We’ve also been told that the war came because an intricate series of treaties guaranteed that any localized conflict would quickly spread. That’s nonsense. After the assassination Austria-Hungary delivered an ultimatum to Serbia. But Serbia capitulated! There was no reason for war! Nonetheless, Austria-Hungary needed a war, and a big one, so war was declared anyway. And why would Russia defend an-already-capitulated Serbia? Because it, too, needed a war to stave off its own imminent collapse.
The real reason for the war, I believe, had to do with the tremendous unrest in all of Europe. 1913 and 1914 had seen immense strikes all across Russia. Austria-Hungary was on the verge of civil war. Revolutionary movements and radical unions were on the ascent in the United States, Germany, France, Italy, England. Even George V acknowledged this when he said in the summer of 1914, just before the war, “The cry of civil war is on the lips of the most responsible and sober-minded of my people.” Things had to explode.
But how would things explode, and at whom would this explosion be directed? What better way to destroy hope than through a long and pointless war? And it worked. Most unions and left-wing parties backed the war, and those that didn’t–like the Wobblies here in the US–the state simply destroyed. After the war not many people had the heart anymore to pursue revolution, and those who did, like Mussolini or the Bolsheviks, were not true revolutionaries in terms of overturning the social order, but instead opportunists who turned the power vacuums to their own advantage.
DJ: Does that parallel make you think there will be another big war?
JZ: Sure, but this one can only last 24 hours, because people won’t support it any longer than that. . . .
DJ: Where do you think all this energy–it seems odd to call alienation energy–is going to go?
JZ: Is it piling up? I don’t know. I definitely know we aren’t the happy mindless consumers we’re supposed to be. Or even if we believe we are, our bodies know better. I recently wrote a short review of the new book by Ellen Showalter, called Hysterias. In this she talks about what she calls six different hysterias of the nineties: Chronic Fatigue Syndrome, Gulf War Syndrome, recovered memory, satanic cults, and so on. Some people are very offended because it sounds like she’s saying it’s all in your head.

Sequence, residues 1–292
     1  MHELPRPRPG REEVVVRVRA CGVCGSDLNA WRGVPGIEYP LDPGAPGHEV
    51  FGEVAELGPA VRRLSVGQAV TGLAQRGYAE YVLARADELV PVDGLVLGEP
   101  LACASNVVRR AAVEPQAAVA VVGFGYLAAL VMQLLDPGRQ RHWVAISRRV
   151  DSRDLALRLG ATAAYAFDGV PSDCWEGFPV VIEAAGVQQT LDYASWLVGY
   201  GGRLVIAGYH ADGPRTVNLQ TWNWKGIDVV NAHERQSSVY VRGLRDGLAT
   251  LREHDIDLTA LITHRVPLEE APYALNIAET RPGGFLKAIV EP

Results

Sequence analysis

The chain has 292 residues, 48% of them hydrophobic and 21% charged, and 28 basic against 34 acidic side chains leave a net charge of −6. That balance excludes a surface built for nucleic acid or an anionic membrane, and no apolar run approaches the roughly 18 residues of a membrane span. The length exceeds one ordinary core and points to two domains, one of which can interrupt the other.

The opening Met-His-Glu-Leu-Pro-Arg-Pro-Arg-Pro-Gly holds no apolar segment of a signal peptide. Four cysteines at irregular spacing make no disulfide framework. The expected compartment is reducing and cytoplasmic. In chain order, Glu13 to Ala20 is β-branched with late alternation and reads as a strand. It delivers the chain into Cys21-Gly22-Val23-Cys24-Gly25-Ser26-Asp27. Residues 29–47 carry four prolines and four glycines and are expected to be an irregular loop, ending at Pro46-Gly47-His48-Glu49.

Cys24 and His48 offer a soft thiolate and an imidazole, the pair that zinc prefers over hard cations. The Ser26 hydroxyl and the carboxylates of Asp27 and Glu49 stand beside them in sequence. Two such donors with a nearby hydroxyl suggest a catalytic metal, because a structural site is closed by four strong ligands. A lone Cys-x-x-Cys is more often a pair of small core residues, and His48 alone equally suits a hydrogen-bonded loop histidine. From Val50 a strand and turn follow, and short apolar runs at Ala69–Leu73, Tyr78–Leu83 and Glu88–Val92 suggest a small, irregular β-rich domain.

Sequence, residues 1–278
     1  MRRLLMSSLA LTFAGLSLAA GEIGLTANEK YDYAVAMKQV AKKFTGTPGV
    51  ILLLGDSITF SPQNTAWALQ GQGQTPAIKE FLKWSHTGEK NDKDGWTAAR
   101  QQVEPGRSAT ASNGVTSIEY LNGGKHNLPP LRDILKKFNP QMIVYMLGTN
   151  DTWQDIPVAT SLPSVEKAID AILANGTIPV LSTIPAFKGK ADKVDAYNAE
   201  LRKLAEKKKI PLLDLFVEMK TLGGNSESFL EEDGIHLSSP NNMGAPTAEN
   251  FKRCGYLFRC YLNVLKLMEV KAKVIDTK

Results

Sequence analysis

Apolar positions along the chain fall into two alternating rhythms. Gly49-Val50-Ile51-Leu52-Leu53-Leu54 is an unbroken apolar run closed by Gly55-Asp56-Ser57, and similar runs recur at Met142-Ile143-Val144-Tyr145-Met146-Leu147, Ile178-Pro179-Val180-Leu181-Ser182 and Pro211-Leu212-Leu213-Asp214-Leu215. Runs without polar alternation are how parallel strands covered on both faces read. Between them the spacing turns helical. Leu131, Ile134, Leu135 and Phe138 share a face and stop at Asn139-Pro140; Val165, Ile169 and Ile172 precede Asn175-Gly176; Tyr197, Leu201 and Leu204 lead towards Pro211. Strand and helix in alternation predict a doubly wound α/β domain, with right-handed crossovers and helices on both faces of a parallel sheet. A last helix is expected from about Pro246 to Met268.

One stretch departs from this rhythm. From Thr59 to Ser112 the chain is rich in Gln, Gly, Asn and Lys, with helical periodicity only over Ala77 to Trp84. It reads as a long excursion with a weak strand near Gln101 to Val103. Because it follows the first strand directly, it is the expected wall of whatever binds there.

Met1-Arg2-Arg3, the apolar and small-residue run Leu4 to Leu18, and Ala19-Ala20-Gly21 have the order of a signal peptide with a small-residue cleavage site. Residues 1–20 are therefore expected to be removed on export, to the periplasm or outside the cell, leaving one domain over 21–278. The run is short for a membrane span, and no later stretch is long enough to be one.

DJ: Even her choice of title is very revealing in that manner. Freud chose the term hysteria to describe his patients’ descriptions of childhood sexual abuse at the hands and genitals of their fathers. At first he believed these accounts, and began to uncover a tremendous epidemic of incest, an epidemic that continues unabated to this day. But when he began to go public with these findings, they were so ill-received that he found himself quickly backing away, and created an entire philosophy around his denial of this evidence. To allow himself to disbelieve these accounts, he called the women hysterical.
JZ: I hear what you’re saying, and that’s a very good point. Where I’m taking this, however, is in a slightly different direction. It seems to me, and I have to say the book is very undeveloped, that the point of her book is that we are all so miserable, and so deeply in denial, that these crises will keep arising, whether or not they have physical geneses: once each “hysteria” passes by, another will arise. And you’ll never find any cures. You might say that in the case of Gulf War Syndrome this takes the government off the hook by suggesting the government didn’t poison or irradiate American troops. But it seems to me more radical to say that not only may the government have poisoned Americans–which it’s done so many times as to almost be banal–but that no matter what you are doing or where you live, life now is so crippling, alienated, bizarre, and fucked as to spawn all these potentially psychogenic problems. Of course we all know that’s the case, with little kids mowing each other down in school–four cases of it in four months–and all sorts of other outrages unimaginable even ten years ago. And now they’re commonplace. Expected even. What the hell does that say about our way of living? No longer can anyone get away with particularizing any of these problems. It’s all just so fundamentally rotten and pathological that it indicts the whole system.
Sure the government is capable of and willing to poison its own citizens. Happens all the time. But it’s even worse. . . .
DJ: No matter how you look at it, it’s damning. If the government didn’t poison the soldiers in this case, what’s the psychogenic cause of the syndrome? And if it did, which I believe is the case, what the hell does that mean? What does it mean that our own “elected” government would poison us?